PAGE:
Can solar-powered vehicles revolutionise transportation?


Globally, there have been several developments over the past decade that have helped reduce our dependence on non-renewable sources of energy. When it comes to the automotive sector, the use of electric vehicles (EVs) is already on the rise. Adopting solar energy for transportation can also be a viable option, especially for countries like India that lie in the tropical region.

By Ayushee Sharma

A solar vehicle is either fully or partially powered by solar energy, along with alternatives installed to deal with emergencies. How this vehicle works is similar to any other application of solar energy for power generation. When the sunlight falls on solar panels installed on the vehicle, the photovoltaic (PV) cells present inside it convert solar energy to electricity, and power the car’s motor directly or through batteries. In addition to propulsion, solar energy can also be used to provide power for other functions like lighting, ventilation and air conditioning in the vehicles, through direct or indirect charging. This can be done without replacing the conventional engine. Such a vehicle can also come with the option to mount more solar panels as well as monitoring systems, to measure parameters like energy consumption and the solar energy captured.

Solar panels mounted on the rooftops of buildings or other structures to generate power are already in high demand. According to a report from, the global distributed generation (DG) rooftop solar PV market is expected to expand at a CAGR of 7.3 per cent over a forecast period from 2019 to 2025. Companies such as Jinko Solar, SunPower, Solarworld, and Kyocera Solar are among the major players in this market.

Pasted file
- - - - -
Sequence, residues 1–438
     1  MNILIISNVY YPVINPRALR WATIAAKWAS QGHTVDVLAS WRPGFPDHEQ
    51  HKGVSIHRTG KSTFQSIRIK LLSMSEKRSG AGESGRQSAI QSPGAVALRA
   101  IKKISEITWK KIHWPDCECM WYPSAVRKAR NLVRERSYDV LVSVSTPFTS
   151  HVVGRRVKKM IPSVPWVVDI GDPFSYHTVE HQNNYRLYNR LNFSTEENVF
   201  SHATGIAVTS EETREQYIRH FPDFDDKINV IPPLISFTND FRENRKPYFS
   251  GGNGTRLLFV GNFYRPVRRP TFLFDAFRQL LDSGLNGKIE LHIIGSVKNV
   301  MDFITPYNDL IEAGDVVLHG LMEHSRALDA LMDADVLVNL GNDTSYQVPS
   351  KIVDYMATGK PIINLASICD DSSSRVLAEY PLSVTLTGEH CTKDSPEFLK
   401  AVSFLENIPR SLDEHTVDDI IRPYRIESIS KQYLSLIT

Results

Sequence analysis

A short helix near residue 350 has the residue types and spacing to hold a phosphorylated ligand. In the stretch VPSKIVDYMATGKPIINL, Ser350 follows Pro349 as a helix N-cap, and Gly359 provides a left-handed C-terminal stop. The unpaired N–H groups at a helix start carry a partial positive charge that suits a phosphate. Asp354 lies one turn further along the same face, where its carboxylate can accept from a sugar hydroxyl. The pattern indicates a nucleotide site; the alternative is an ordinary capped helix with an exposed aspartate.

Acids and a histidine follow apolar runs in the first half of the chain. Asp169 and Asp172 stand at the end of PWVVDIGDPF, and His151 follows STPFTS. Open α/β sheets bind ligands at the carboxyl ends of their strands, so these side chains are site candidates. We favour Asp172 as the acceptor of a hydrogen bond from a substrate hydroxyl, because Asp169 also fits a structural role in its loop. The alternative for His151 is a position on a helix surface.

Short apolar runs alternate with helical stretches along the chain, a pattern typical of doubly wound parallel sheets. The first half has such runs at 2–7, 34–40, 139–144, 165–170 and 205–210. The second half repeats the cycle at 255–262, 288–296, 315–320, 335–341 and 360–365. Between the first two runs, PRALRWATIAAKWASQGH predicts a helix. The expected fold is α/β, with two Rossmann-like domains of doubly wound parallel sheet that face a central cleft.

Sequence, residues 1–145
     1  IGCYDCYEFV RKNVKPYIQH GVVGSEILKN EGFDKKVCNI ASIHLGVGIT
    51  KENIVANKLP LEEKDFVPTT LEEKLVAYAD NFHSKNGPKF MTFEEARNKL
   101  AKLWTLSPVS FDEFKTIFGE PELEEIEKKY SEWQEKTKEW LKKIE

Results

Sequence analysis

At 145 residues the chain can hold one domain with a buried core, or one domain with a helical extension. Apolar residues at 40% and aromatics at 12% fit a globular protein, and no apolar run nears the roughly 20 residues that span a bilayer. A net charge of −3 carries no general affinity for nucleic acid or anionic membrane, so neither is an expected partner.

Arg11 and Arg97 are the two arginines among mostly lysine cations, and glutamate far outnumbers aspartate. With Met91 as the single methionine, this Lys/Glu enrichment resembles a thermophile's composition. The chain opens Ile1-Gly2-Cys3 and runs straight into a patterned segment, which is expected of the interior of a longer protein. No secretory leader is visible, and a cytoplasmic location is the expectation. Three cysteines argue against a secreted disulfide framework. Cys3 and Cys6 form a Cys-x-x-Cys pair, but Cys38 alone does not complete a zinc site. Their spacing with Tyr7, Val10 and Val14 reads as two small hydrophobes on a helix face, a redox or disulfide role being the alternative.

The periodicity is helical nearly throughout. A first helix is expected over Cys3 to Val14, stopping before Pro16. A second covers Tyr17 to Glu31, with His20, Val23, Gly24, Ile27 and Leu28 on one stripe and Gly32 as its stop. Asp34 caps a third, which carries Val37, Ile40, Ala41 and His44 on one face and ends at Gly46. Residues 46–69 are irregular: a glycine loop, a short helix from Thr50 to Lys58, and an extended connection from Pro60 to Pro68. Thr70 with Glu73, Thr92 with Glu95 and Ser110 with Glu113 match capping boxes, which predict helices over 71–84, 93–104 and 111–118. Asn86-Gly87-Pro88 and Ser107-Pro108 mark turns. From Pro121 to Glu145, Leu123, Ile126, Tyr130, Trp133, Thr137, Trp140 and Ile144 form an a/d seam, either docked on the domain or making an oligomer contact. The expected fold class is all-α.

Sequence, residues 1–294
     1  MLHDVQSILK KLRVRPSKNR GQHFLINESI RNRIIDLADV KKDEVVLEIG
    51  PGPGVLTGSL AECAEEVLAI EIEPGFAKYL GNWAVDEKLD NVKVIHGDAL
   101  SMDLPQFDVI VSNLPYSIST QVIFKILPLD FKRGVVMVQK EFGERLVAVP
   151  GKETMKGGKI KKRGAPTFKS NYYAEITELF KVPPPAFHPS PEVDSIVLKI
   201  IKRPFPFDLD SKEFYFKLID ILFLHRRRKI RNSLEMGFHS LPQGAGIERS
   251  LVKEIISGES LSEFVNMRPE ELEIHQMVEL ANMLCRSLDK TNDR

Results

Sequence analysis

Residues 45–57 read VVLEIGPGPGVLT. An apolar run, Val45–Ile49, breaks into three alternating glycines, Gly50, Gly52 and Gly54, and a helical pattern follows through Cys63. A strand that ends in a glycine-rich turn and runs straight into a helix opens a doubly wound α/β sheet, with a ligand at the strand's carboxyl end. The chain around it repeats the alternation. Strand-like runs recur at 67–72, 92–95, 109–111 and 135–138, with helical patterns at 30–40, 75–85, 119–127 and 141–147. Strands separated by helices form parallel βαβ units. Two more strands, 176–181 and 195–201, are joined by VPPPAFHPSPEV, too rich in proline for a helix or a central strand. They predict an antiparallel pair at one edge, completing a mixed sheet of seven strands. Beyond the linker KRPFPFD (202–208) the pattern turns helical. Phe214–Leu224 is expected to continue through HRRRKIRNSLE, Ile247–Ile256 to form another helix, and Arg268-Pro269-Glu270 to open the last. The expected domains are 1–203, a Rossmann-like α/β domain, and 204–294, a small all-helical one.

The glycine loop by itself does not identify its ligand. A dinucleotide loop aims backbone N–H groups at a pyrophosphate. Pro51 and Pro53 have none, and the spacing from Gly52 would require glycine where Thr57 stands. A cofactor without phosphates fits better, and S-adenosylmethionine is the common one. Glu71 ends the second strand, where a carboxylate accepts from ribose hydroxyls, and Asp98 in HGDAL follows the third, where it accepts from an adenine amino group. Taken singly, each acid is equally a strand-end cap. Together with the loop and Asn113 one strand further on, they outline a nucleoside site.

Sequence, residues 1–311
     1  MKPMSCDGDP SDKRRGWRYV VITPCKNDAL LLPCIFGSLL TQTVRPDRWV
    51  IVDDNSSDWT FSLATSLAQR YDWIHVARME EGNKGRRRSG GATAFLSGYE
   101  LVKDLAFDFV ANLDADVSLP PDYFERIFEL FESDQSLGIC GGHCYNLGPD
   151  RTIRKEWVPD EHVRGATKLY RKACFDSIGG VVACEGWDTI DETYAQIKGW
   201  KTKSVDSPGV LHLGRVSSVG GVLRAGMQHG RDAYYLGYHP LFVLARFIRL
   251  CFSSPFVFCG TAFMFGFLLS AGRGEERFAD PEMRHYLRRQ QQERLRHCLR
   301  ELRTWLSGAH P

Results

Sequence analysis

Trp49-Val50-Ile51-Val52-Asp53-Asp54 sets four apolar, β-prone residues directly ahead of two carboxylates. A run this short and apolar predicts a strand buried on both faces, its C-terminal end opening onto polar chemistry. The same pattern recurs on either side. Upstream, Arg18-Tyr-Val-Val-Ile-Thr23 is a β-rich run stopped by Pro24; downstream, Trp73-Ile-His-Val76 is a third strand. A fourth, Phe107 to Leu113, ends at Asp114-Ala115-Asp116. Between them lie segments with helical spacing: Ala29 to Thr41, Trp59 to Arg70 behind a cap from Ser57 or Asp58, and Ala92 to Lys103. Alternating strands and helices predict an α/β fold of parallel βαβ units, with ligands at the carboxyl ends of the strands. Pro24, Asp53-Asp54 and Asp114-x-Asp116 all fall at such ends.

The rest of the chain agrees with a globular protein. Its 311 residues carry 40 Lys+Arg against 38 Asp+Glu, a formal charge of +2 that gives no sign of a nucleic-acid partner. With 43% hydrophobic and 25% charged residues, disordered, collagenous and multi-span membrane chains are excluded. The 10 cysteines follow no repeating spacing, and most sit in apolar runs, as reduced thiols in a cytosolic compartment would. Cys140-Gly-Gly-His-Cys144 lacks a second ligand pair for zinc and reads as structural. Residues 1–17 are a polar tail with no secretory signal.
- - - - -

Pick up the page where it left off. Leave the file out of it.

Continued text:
There has also been increased use of solar power in the railways. In 2017, a fully solar-powered train was launched in New South Wales, Australia. In India, the Railways is planning to become the world’s first 100 per cent green operator within ten years to reduce diesel consumption, thereby reducing carbon dioxide emissions. Solar panels have already been installed on the rooftops of many Indian railway coaches, alongside the tracks as well as on the rooftops of stations to increase the solar generation capacity to 5GW by 2025. The Delhi Metro Rail Corporation (DMRC) plans to build a 100 per cent solar energy dependent metro by 2021 with the support of Madhya Pradesh’s Rewa Solar Project. Rewa will provide 345 million units of power to the DMRC every year.

Besides being environment-friendly, there are no transmission losses or failures due to natural disasters in the case of solar power, as no traditional infrastructure at a remote location is needed for battery charging.

An electric vehicle may also use solar power as a secondary charging option. The Lightyear One, the production of which is scheduled to start in 2021, is one such electric car prototyped by a Dutch company. With solar panels mounted on it, the aim is to provide a battery range of up to 725km. The solar cells are enclosed in safety glass to prevent accidental damage. According to the company, the price of this car will be around US$ 164,254 (including 21 per cent VAT).